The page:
PRIOR ART

In recent years, printing of fabric by an ink-jet system commonly known as ink-jet printing has made progress in its technological and technical development and improvement.

Compared to its conventional counterpart such as a roller printing or an automatic screen printing, the ink-jet printing system has many advantages, such as allowing fabric to be printed with sharply-outlined and brilliantly-colored design patterns that it can select in a highly flexible way and express using a wide range of colors.

In addition, unlike conventional printing systems which involve screen or roller change for each design pattern lot change, the ink-jet printing system requires no such change, enabling small-lot multi-variety production.

These advantages of the ink-jet printing system has recently led it to attract high attention for its good compliability with the highly fashion-oriented and diversified trend in the textile industry.

Like the conventional printing systems, however, the ink-jet printing system, when applied to fabric, has the fundamental problem of ink bleeding from design patterns printed on the fabric.

In order to solve this problem, therefore, various improvements have been made on the ink-jet printing system for textile use, such as better selection of the material of ink to be applied to fabric and modification to the method of injecting ink onto fabric or treating fabric prior to or upon its ink-jet printing.

Among such improvements, attempts to improve the method of treating fabric prior to or upon its ink-jet printing for the purpose of solving the above problem have been made from earlier times than the others, initially proposing such methods as the one wherein fabric to be ink-jet printed is heated upon injection of ink onto it.

This method, however, has been found to fail to prevent the above-mentioned ink bleeding problem, leading to subsequent proposal of various methods for its solution, among which the most commonly accepted one at the present time is based on the treatment of fabric by applying an ink holding agent to the fabric or for forming an ink holding layer on its surface to be printed prior to its ink-jet printing (as disclosed in Japanese Patent JP-A-61-55277, for example).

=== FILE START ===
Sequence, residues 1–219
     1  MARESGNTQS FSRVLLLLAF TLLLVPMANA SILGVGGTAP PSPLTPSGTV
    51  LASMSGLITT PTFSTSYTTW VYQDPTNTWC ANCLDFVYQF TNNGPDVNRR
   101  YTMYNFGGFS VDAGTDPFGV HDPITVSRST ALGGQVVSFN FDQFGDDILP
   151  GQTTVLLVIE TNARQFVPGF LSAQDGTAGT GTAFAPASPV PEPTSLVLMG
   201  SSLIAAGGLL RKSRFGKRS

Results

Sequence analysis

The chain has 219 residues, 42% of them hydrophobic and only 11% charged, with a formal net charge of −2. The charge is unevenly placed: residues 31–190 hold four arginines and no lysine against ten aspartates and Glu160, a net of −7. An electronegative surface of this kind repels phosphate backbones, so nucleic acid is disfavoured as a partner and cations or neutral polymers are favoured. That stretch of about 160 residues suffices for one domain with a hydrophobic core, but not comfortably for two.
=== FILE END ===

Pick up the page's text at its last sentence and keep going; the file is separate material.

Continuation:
The ink holding agent (or layer) applied to (or formed on) fabric according to the above-mentioned method is composed of material which has no affinity for ink to be applied to the fabric, but is capable of holding the ink (or has an ink holding capability).

When ink is then injected onto the fabric during the ink-jet printing process, the ink holding agent (or layer) absorbs the ink and hold it temporarily to prevent the ink dye from bleeding prior to acting to transfer it into the fiber in the next process, in which the fabric is subjected to such treatment as wet heat for dye fixation (or color development).

Therefore, subsequent improvements made on the ink-jet printing for textile use have been focused on betterment of ink holding agents (or layers) to be applied to (or formed on) fabric prior to its ink-jet printing in terms of their ink holding capability for prevention of ink bleeding from printed patterns on the fabric, as well as their contribution to improved dye fixation (color development) in the fabric (as disclosed in Japanese Patent JP-A-3-137283, for example).

Furthermore, such ink holding agents have undergone advanced improvements in their materials and application methods, resulting in great improvement in the solution to the ink bleeding problem.

Such improvements as mentioned above, however, cause an ink holding agent (or layer) having a very high ink holding capability to be mostly applied to (or formed on) only the surface of fabric to be printed, presenting a new problem of the ink applied to the fabric failing to penetrate fully into its inside.